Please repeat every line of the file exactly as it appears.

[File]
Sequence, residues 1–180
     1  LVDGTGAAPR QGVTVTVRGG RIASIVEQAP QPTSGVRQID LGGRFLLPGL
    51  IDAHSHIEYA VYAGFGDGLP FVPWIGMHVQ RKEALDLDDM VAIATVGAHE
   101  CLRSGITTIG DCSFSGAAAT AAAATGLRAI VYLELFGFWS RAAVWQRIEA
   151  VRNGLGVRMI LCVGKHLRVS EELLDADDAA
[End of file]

Sequence, residues 1–180
     1  LVDGTGAAPR QGVTVTVRGG RIASIVEQAP QPTSGVRQID LGGRFLLPGL
    51  IDAHSHIEYA VYAGFGDGLP FVPWIGMHVQ RKEALDLDDM VAIATVGAHE
   101  CLRSGITTIG DCSFSGAAAT AAAATGLRAI VYLELFGFWS RAAVWQRIEA
   151  VRNGLGVRMI LCVGKHLRVS EELLDADDAA